ChatGPT can also be used to educate internal auditors about the process under audit and its relevant risks. By inputting data related to the process, ChatGPT can provide a detailed understanding of the process and the risks involved. This can be particularly useful for internal auditors who are not familiar with the process or are new to the organization.

Further, ChatGPT can help internal auditors to identify potential areas for improvement in the audit process itself. As internal auditors input data into ChatGPT, the platform can analyze the data and suggest ways to improve the audit process. This can help internal auditors in developing more effective and efficient audit plans, testing procedures, and reporting methodologies.

Testing Phase

The testing phase is where internal auditors gather evidence to support their audit findings. ChatGPT can be used in this phase to analyze and interpret data, including financial and non-financial data. ChatGPT can help internal auditors in identifying anomalies, trends, and patterns in the data that may require further investigation. ChatGPT can also help internal auditors in identifying areas of the business where testing should be focused and can even suggest potential audit procedures based on the data it analyzes.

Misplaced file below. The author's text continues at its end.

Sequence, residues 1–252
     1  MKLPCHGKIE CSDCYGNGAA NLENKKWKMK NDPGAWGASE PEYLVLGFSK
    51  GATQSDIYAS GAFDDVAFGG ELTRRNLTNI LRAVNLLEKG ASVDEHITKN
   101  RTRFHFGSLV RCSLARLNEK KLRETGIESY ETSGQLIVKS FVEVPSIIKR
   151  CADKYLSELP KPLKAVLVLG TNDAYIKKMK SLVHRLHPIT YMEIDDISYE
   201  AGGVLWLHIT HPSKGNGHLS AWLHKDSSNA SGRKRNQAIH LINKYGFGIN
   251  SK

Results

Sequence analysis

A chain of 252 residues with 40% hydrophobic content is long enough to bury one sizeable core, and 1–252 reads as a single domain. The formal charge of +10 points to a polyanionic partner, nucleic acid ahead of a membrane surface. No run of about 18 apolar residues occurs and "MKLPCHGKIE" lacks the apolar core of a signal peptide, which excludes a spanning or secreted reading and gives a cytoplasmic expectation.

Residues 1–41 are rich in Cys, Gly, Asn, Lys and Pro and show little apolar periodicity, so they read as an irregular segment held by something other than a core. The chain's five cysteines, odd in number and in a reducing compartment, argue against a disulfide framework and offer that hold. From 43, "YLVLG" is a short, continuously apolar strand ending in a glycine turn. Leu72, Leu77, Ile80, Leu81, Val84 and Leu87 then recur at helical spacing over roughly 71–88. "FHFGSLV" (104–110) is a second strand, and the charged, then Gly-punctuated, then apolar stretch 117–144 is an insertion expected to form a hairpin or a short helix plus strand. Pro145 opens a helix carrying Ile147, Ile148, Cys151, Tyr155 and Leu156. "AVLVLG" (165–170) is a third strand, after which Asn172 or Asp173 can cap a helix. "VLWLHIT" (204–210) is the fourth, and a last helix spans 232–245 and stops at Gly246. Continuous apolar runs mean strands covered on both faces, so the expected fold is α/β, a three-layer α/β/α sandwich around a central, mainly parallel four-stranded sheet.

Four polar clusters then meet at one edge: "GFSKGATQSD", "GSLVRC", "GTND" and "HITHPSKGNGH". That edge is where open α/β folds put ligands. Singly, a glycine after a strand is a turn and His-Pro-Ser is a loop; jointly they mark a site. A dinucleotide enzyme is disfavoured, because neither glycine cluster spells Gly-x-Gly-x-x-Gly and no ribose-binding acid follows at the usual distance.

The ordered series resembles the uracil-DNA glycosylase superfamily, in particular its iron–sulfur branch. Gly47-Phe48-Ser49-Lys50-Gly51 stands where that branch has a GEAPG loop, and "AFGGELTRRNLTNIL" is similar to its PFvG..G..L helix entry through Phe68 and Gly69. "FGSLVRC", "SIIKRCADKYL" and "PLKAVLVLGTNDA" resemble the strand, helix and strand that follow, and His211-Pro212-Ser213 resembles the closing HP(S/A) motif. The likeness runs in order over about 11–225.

Reporting

The reporting phase is where internal auditors communicate their audit findings to the relevant stakeholders. ChatGPT can be used in this phase to generate automated reports that are accurate, comprehensive, and timely. ChatGPT can also help internal auditors in identifying the root causes of issues and provide recommendations for improvement. ChatGPT can even suggest remedial actions that can be taken to address the identified issues.

Monitoring

The monitoring phase is where internal auditors ensure that the management has taken appropriate actions to address the audit findings. ChatGPT can be used in this phase to monitor the implementation of the recommended actions and identify any further areas for improvement. ChatGPT can also help internal auditors identify emerging risks and opportunities that may require additional attention.